Jenkins Johnson Gallery is pleased to announce Summertime…, on exhibit in New York and San Francisco June 17 through September
3, 2010. Summertime… highlights a variety of artistic representations in a grouping of paintings, photographs, LEDs, sculptures and mixed
media works. The selected artists push the boundaries of their genre and reveal beauty around us in the context of summer. They continue
to enrapture and challenge the eye with a mix of modern and more traditional methods. Participating artists are listed below.
Transforming the familiar world in a different way, British artist Julian Opie’s Walk, 2009, is a small-scale limited edition computer
animation on LED display. The animation features the ambulatory motion of a woman’s skirted legs from mid thigh to mid calf. The 5 x 10
inch light-emitting diode (LED) display panel is hard programmed with the famed British artist’s signature thick-outlined animation in red
LED lights. Opie has said he sees his work functioning like objects in an IKEA catalog, and his use of the contemporary signage medium of
LED adds to his graphic iconic depiction. The animation loop as well as the repetitive nature of walking emphasizes the constant cycling
motion of modern life, a recurring focus of Opie’s work.
Ben Aronson, who was recently featured in a three person show at the Naples Museum of Art in Florida, is a nationally renowned realist
painter most often associated with the styles of the Bay Area Figurative painters. Aronson embraces the unique light cast in each city with a
dexterous hand, as seen through his painting Sunlit Buildings, Receding Fog and its treatment of San Francisco’s distinctive light. As
discussed in the June ARTnews review of the Naples Museum exhibition, Aronson “contrasts blurry, impressionistic foregrounds with near-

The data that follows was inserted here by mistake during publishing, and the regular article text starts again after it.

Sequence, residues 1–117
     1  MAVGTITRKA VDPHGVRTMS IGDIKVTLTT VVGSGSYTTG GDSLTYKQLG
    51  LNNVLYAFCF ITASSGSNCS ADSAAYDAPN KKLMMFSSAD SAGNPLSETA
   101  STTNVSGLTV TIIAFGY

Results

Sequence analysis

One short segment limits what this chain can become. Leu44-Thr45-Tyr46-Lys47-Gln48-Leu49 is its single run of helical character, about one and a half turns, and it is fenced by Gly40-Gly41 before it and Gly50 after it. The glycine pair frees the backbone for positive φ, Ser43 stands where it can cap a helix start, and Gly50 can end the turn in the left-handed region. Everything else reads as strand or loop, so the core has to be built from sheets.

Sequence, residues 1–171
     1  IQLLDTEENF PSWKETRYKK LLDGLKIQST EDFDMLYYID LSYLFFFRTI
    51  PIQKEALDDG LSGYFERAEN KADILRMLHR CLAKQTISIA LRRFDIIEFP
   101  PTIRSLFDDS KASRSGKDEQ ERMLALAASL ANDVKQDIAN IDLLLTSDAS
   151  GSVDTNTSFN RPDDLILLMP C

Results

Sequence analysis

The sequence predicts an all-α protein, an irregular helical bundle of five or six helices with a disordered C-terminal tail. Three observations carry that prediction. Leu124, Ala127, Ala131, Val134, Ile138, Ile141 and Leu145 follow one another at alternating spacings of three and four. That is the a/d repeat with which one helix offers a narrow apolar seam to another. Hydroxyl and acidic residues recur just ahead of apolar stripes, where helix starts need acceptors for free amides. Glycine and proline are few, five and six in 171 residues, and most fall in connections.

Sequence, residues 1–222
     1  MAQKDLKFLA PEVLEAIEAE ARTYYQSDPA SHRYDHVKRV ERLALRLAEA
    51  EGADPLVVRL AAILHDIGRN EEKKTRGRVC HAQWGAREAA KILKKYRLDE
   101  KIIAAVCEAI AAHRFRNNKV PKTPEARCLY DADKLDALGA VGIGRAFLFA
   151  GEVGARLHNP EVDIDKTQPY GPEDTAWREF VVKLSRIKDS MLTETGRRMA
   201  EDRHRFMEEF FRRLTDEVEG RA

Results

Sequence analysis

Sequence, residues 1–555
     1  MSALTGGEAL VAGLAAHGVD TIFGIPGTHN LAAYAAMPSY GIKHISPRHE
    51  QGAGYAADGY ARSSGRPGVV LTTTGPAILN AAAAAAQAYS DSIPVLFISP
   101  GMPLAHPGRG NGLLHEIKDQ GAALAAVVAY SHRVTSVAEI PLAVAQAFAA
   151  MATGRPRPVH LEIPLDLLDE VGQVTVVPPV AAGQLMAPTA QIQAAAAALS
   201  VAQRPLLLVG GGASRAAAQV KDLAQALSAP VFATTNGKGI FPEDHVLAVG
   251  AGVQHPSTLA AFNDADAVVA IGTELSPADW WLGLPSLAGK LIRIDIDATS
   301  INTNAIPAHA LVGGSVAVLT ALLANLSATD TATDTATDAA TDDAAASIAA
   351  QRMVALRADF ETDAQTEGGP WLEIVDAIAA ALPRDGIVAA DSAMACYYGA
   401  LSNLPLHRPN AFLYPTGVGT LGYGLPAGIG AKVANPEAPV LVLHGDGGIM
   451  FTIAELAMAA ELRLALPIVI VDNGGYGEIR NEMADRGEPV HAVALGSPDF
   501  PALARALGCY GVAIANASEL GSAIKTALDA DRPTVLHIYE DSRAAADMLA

Photorealistic distant views.” Similar to Aronson’s cityscapes are Sonya Sklaroff’s paintings of New York City, as both artists accurately
focus on natural lighting. Sklaroff’s painting Architect’s View captures the glowing light of a late summer sunset, depicting the luminosity of
otherwise completely unreflective surfaces, seen in her depictions of the wood of a water tower or the stucco of a warehouse; Aronson
captures the cool California light while Sklaroff embraces the warm Atlantic sunsets.
In strong contrast to Aronson’s familiar cityscapes, Japanese American Hiroshi Watanabe’s photographs from his most recent series,
“Love Point,” depict portraits of both idealized Japanese sex dolls and Japanese models dressed to mimic these dolls. While the style of
the composition is reminiscent of Watanabe’s earlier studio series such as “Suo Sarumawashi” (Monkey Portraits) or “Kabuki Players,”
Watanabe engages a subject matter of a more disturbing note, while blurring the boundaries of fiction and reality, existence and
idealization. In his previous studio portfolios, Watanabe explored the art of duplication, of becoming someone else through garb or makeup,
in “Love Point,” Watanabe takes this examination to a more critical level, questioning levels of fact, fiction, and fantasy found in society.
While “Love Point” is perhaps more probing than earlier works, it still retains Watanabe’s uncritical, unbiased eye; we are not confronted by
the “women” in his photographs, we are left to observe them and to form our own opinions, a characteristic lauded about in his portraits that
have become synonymous with his work.
Summertime... will feature the works of: Nicolas Africano, Ben Aronson, Katherine Chang Liu, Michael Eastman, Scott Fraser, Julia
Fullerton-Batten, Wes Hempel, Courtney Johnson, Rene Lynch, John Nava, Julian Opie, Yigal Ozeri, Scott Prior, Kay Ruane, Sonya
Sklaroff, Skip Steinworth, Francesca Sundsten, Nancy Switzer, Hiroshi Watanabe, and Sherrie Wolf. Not all artists will participate at both
locations. Please contact the gallery for more information.